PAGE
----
Life can leave people “bitter or better.”
RaShad Bristo has been sharing that message with audiences of all ages for a decade now.
“Make no mistake,” Bristo cautioned students at Cloutierville Elementary and Junior High on Wednesday, “Every person has to struggle with that choice.”
The choice to grow “bitter or better” confronted Bristo at a young age. He was born with only one arm, and that disability left him asking, “Why me, God?”
His missing limb led to bullying in school. It got so bad that one day Bristo came home crying and begging his grandfather not to send him back to school. His grandfather told him to dry his tears and then made a strange request. He told Bristo to push the lawn mower across the yard and look back at the path he created. Bristo did.
“Is it perfect?” his grandfather asked. Bristo had to reply “no” because of the patches he missed. His grandfather said that’s what life is like.
“You have to push hard,” Bristo said quoting his grandfather, “ … and when you look back it still won’t be perfect.”
It was years later before Bristo fully appreciated what that lesson meant. It happened around the time he was 21 and fresh out of college. He dreamed of working in law enforcement and went down to the DeSoto Parish Sheriff’s Office to find out what that would take. The Sheriff there recognized Bristo from years ago and asked if he the same little boy who used to be out mowing his lawn despite only having one arm.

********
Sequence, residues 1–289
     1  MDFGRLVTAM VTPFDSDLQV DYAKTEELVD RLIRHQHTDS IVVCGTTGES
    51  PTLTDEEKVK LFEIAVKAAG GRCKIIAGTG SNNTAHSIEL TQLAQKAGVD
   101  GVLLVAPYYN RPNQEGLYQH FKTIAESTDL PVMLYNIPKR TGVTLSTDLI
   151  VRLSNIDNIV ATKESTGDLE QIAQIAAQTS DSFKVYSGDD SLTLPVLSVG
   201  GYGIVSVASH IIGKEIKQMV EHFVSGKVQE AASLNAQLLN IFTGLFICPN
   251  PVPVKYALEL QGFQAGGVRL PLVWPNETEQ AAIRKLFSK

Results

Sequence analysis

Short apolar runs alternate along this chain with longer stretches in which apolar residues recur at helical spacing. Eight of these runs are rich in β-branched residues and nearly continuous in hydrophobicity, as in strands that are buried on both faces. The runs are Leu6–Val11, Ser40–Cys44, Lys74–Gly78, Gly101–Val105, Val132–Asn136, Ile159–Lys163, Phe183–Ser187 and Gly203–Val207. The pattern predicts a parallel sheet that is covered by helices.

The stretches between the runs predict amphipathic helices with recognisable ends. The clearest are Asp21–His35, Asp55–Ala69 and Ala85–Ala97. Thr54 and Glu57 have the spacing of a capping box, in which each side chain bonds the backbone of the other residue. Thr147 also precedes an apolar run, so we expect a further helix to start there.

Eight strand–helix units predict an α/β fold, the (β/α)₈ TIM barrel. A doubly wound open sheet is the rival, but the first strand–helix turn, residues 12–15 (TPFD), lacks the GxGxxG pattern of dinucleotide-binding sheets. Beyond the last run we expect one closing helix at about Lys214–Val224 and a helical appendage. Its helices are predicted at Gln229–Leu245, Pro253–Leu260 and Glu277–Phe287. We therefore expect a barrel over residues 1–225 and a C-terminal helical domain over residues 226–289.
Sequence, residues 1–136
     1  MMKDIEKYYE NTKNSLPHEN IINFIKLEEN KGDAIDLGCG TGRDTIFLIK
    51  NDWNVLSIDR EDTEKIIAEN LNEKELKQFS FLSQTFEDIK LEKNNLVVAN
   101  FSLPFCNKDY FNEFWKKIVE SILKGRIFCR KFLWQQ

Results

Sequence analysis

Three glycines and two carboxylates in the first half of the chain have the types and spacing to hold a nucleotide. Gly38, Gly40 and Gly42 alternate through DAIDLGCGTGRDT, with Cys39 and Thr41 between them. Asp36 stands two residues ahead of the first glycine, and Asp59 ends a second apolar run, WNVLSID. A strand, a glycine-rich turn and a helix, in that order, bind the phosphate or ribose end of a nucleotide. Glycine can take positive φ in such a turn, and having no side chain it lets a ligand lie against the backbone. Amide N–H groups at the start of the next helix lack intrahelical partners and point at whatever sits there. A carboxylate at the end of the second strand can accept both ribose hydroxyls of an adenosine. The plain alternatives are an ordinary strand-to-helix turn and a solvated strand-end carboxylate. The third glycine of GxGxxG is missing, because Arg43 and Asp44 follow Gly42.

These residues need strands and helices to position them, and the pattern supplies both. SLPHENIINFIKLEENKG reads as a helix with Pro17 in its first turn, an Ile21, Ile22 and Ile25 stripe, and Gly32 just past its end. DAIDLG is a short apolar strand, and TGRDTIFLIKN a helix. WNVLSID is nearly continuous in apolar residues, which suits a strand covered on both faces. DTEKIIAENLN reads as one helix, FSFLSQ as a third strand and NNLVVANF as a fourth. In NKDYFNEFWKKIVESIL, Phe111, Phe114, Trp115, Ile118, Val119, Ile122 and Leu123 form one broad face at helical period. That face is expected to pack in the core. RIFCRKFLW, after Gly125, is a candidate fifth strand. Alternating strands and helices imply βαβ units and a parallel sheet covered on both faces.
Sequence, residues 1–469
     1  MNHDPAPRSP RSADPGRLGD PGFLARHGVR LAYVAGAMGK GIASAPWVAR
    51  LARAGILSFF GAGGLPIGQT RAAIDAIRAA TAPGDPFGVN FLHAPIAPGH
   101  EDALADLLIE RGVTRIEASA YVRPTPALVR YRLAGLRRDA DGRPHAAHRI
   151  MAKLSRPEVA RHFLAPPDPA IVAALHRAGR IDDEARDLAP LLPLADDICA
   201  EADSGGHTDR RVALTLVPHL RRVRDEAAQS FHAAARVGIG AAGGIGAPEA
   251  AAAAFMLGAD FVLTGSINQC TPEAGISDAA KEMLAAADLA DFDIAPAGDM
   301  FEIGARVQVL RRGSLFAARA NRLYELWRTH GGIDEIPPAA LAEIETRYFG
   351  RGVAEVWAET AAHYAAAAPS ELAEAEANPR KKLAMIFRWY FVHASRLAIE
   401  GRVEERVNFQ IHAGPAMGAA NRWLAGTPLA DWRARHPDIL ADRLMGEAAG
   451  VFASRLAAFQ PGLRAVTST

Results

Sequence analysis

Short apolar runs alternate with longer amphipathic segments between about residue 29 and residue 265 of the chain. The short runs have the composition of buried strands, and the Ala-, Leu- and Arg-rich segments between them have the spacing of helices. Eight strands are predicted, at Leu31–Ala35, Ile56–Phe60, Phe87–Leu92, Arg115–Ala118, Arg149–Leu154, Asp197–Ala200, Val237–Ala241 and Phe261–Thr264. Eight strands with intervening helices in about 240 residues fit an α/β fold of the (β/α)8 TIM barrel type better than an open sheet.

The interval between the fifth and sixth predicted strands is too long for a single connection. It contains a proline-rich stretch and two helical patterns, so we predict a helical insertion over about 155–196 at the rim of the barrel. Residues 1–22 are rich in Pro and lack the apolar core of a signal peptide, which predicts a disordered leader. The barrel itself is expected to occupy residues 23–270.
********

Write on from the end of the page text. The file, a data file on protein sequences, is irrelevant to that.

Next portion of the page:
“He asked, if I give you a job,” Bristo said quoting the Sheriff, “can you give me the same dedication you have that lawn?”
That was the first door that opened and led to his career of 18 years in law enforcement. Bristo became the first police academy graduate in the country with only one arm. He worked as a DeSoto Parish sheriff’s deputy for six years and a Caddo Parish junior probation officer for two years. Then, he worked 10 years for the Louisiana Department of Corrections.
Bristo lives in Mansfield and travels as a speaker to mostly professional business. He also authored the book “Bitter or Better: Doing More with Less” about his experiences. Workers at the Christus St. Frances Cabrini School Based Health Center in Cloutierville heard Bristo speak at a conference.
“He was wonderful,” said April Matt, a counselor at the health center, and that’s why she and the other ladies invited him to the Elementary and Junior High School in Natchitoches Parish.
Matt and Principal Sharon French were pleased by the student’s response to what Bristo had to say.
“They were more attentive than I have probably ever seen them,” Matt said. “I feel he related to them.”